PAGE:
If the person no longer has detectable virus in the body, he or she will no longer be a risk of spreading it to someone else, of course. But the converse is not true. A positive PCR test does not mean that someone is necessarily infectious. Why not? The test only determines viral sequence, not active, infectious virus. After the body's immune system begins fighting off the infection, many of the viral particles will become degraded. They may still possess enough sequence to test positive by PCR, even though they no longer are capable of infecting cells—in that individual nor anyone else. The viral sequences are like dead soldiers lying on a battlefield. We can count and identify the bodies, but they are no longer a threat to the opposing army.
This important distinction, in fact, created a stir several months ago, when several hundred South Koreans who had tested positive for the virus, and subsequently recovered, tested positive a second time. This seemed to indicate it was possible to become infected more than once. On further analysis, though, the scientists concluded that the PCR test simply revealed the presence of the original virus, now degraded.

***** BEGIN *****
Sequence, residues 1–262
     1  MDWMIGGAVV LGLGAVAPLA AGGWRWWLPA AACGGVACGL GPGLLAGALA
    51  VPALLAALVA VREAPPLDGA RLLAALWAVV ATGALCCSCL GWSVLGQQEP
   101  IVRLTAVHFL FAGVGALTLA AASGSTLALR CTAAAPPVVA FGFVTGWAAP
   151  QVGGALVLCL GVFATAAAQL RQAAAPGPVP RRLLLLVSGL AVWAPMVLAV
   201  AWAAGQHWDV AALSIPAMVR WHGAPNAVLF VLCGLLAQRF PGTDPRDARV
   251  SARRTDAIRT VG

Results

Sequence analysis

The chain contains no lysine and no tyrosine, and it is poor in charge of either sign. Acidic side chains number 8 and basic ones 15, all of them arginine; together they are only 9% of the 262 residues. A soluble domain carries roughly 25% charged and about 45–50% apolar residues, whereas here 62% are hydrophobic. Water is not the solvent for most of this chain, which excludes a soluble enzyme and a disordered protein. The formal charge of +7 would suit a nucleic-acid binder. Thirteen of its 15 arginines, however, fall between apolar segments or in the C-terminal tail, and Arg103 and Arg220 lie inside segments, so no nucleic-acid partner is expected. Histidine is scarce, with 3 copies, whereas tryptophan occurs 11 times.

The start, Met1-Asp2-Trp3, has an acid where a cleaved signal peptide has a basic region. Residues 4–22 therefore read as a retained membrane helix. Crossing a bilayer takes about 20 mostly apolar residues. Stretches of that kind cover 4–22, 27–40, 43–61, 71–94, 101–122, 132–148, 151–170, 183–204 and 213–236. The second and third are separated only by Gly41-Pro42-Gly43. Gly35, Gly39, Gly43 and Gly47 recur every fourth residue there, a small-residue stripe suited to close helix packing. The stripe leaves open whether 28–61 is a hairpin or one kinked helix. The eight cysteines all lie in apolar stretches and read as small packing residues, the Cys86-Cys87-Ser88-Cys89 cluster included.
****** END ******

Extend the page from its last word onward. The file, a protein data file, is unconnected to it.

Such degraded virus can probably persist for some time in most individuals. One early study by researchers in Wuhan reported the presence of viral RNA in individuals for an average of about three weeks after symptoms emerged, and in one individual, as long as five weeks (Zhou et al 2020). This could indicate that these individuals were infectious during that time, but clearly this kind of study doesn't settle the issue.
Another study did take the step of attempting to measure active virus, and reported that none was detectable more than eight days after symptoms began (Wolfel et al 2020). However, this method requires that the virus be shown to infect cultured cells, and relatively small amounts of active virus might be difficult to detect in this manner. Certainly any test involving cultured cells is nowhere nearly as reliable nor as sensitive as that detecting sequence, like PCR.
So the researchers used a clever trick to answer this question in another way that does involve sequence detection. They measured levels of what is called subgenomic mRNA. When the virus replicates in the host cell, it first produces messenger RNA (mRNA), which is a copy of the genomic RNA—the entire program for making a new virus—in the original virus. This mRNA is then converted, or translated, into the proteins that compose the shell of the virus. The proteins and the newly created copies of genomic RNA are finally assembled into a new virus, identical to the original.
The sequences of mRNA are only temporary, though, and differ in certain ways from the genomic RNA of the virus. By assaying these, therefore, the researchers could determine whether the virus was actually active at the time. An active virus, capable of infecting other people, will produce this subgenomic mRNA. A degraded virus will not.